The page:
Sunday 23rd June 2013 Miles Today 175 Total 9942
We had been advised by the hotel staff to go and visit the Midnight Sun Dome. This was a hill behind Dawson where in 1901 hundreds of people went up the hill, on the solstice, to see the midnight sun. However as they were too far south by about 4 degrees, the sun set at 11:30pm. The hill still got its name despite the lack of sun. The views from here were however, magnificent.
|Looking down on Dawson City|
|A view of the Klondike river and all the mining devastation.|
|Grumpy and Wallace|
We drove back down the hill and intending to buy a bigger tent we drove along the river front an we found, parked outside a cafe, three more Super Tenere's, just like Wallace. I insisted we stopped for some breakfast and coffee. We got talking to the riders and later discovered that two of them were pilots.
|What is the collective name for a group of Tenere's.|
|A proper wild west town|
After brekkie, we went into a nearby shop and bought a larger tent. It weighed a fair bit more than the old one but we could at least stand up in it and hide from the mosquitoes. We asked the girl who sold it to us if we could dispose of the old (albeit hardly used) tent and she asked if she could have it for herself. Naturally the answer was yes as we could not carry two and aside from fruitlessly looking for a buyer, it was going in the bin. She was a happy little girl.
We the set off, armed with out new tent, for the ferry to take us across the Yukon (again). It is a small government owned free one.
|The ferry was a bit rocky so Karen held Wallace while I took piccys.|
As we rode off the ramp of the ferry onto the dirt we were now on ‘The top of the World Highway’. It was magnificent. We then had just over 100 miles of dirt road ahead of us before we hit the customs post of Alaskan, America. This time we here on the top of the hills instead of being in the valleys below and beside rivers. The views were brilliant.
|100 miles of this....Yeehaa|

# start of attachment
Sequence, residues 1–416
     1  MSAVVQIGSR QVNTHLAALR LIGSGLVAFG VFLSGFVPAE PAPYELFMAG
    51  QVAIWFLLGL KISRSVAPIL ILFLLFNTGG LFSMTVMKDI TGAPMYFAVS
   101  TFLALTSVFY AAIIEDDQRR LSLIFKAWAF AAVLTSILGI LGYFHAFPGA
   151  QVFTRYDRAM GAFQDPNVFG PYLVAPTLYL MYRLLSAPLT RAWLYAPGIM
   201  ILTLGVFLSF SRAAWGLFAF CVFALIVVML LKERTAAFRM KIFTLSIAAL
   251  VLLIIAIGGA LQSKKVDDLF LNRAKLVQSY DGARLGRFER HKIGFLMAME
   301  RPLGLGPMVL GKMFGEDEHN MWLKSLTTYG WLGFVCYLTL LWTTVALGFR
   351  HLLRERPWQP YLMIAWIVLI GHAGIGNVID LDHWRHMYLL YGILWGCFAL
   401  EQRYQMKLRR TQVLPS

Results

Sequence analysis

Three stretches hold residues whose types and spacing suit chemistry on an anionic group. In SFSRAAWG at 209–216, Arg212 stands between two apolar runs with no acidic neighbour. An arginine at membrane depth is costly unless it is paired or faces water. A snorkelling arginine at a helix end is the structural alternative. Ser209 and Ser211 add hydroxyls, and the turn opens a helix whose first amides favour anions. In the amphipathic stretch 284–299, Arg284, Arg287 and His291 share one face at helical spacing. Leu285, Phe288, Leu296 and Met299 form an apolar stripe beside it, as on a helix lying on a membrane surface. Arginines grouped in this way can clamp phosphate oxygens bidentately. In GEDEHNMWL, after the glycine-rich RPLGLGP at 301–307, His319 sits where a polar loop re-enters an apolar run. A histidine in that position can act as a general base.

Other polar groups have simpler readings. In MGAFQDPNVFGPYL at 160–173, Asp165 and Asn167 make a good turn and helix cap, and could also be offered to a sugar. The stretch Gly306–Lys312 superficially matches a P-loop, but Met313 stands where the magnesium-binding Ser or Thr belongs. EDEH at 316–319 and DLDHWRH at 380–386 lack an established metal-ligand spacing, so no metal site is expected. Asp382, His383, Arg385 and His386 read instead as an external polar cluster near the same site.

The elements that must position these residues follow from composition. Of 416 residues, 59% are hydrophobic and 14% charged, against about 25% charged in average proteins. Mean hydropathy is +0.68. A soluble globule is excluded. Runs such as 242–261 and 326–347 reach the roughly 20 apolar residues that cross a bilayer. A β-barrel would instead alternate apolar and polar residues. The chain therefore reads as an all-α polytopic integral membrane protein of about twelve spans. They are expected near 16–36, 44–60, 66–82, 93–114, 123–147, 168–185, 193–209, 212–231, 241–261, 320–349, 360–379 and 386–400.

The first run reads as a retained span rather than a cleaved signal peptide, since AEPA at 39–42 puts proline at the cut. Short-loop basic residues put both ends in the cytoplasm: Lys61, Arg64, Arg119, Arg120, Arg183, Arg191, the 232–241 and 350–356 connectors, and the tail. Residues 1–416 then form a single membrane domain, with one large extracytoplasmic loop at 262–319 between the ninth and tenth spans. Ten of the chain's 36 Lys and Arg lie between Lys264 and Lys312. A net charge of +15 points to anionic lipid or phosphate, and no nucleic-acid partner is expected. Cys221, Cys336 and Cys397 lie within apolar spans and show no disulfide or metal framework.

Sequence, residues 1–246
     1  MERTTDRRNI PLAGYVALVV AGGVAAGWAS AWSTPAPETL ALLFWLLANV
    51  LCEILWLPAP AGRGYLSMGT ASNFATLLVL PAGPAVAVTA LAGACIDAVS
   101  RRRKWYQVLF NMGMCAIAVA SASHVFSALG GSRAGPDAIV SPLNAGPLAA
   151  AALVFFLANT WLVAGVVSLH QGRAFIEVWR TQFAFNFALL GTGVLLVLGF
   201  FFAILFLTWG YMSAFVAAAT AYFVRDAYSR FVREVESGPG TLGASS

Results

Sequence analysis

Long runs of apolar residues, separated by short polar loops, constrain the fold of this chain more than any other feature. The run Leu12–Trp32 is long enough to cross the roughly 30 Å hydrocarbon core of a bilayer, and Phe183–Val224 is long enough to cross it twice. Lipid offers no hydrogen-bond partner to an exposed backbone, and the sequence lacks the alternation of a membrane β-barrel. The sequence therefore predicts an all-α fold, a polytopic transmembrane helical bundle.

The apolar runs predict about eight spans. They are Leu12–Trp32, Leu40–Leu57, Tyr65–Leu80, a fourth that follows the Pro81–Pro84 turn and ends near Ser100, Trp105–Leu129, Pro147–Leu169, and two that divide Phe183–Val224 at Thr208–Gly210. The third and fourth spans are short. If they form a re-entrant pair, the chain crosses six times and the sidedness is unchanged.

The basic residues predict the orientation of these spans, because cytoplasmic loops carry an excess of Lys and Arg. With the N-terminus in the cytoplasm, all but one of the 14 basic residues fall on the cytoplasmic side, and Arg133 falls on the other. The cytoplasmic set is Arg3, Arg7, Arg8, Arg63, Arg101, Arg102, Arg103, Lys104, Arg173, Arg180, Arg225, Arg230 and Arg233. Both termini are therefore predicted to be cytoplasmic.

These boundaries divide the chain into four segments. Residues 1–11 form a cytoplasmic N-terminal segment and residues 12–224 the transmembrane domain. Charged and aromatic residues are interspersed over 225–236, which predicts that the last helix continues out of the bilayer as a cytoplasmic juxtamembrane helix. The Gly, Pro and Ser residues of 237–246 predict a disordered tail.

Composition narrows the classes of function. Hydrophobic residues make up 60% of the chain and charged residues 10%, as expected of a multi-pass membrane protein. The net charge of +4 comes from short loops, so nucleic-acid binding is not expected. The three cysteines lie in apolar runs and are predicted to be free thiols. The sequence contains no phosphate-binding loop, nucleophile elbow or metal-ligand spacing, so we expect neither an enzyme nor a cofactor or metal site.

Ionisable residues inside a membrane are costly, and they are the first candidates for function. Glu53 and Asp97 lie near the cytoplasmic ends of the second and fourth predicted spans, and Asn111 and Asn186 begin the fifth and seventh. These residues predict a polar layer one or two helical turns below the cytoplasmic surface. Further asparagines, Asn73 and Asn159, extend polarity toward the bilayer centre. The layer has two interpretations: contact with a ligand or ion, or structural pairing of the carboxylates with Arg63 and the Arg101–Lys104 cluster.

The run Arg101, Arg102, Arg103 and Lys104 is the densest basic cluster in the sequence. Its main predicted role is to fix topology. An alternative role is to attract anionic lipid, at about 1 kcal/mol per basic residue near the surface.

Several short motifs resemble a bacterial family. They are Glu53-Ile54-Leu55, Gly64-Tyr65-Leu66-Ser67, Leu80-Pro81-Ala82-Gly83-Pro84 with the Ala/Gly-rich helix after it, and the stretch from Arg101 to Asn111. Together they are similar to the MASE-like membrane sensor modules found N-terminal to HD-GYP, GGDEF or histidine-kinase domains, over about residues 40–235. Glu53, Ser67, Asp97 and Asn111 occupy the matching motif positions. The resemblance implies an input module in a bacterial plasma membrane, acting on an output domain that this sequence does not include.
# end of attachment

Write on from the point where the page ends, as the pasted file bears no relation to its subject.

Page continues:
|Looking down on one of the creeks.|
We entered Alaska through the remote border post and on chatting to the Immigration/customs officer, he too was looking forward to retirement next year. He actually lived in the Government house adjacent to the post. He is the only person for miles around. To compensate, he gets a good wage and $100 a day subsistence.
|A proper photo of the Alaskan border.|
We also lost another hour at this border and are now 9 hours behind the UK.
We then came upon a road junction and the sign just made us laugh.... choices choices
|Eagle, Chicken. Chicken, Eagle.. Hmmmm|
We opted for Chicken, actually Eagle was a dead end so we knew where we were going really. So on to Chicken. This is a mad little village that was one of the boom and bust places of the gold rush era and the story goes that it got its name from the Ptarmigan bird that frequents the area (like the one in Scotland) but they could not agree how to spell it so came up with Chicken instead.
|The Village of Chicken|
This local guy was taking no chances...
|Check out the AR15 assault rifle on this guys back. And his dog just getting on too.|
|One of the huge mining machines.|
After leaving Chicken the road changed back to tarmac. More fun for Karen, less fun for me.
We see for hundreds of miles, and probably millions of acres, that the trees were dying. We had been told previously that this was due to the ‘Pine Beetle’. Sadly the effect was devastating and the only way to cure it was to burn the whole forest, a daunting prospect the on occasion, mother nature has a hand in (lightning strikes).
|Dead pine trees everywhere. The deciduous trees are now taking over.|
|A closer look.|
Karen spotted this beast that crossed the road in front of us. Moose are huge and this photo does not do justice to the scale of it. it was about 7 foot to the shoulder.
|A huge Moose crossing our path.|
Another Hundred miles and we arrived in the next village of Tok. Tok is an odd place and everyone that does not fly into Alaska has no option but to drive to drive through it. Hence it is a sort of hub where you can get virtually anything you want in only a few sprawling shops. The good thing is that the camp site is a good one with wood shavings placed on the tent sites to make them more comfortable. The other good thing is that we met up with the other boys on the Wallace look alike bikes and we had a great night talking rubbish and giving a few beers. Sadly it did not get dark so we mentally thought it was about 8pm from 8pm to 1am and sort of, forgot to go to bed.
|The moon taken at around midnight.|
Monday 24th June 2913 Miles Today 210 Total 10152
We were now back on the Alaska Highway and it is a 200 mile hop to Fairbanks, the weather was starting to get unusually hot for this area, 28 deg C. This was Alaska, it is supposed to be cold. The heat inside our jackets was searing and we had to keep moving to cool down. We crossed the river Tanana and decided to stop for some lunch and a few piccys. It was beautiful.
|Beside the Tanana River.|
|The Denali mountain range in the background.|
It was then back on the road and the village before Fairbanks was called ‘North Pole’. Guess what that meant. Father Christmas, what else.
|Santa Claus house. Doh !|
|And of course, Santa himself. How he gets down the chimney is a mystery to me.|
We rolled into Fairbanks and went in search of the only campsite in town. It was crap with the only facilities being a table, a toilet and a tap. Karen was not amused.
We went out for some provisions and a bite to eat and then retired to an early night, going to bed at the real 8pm.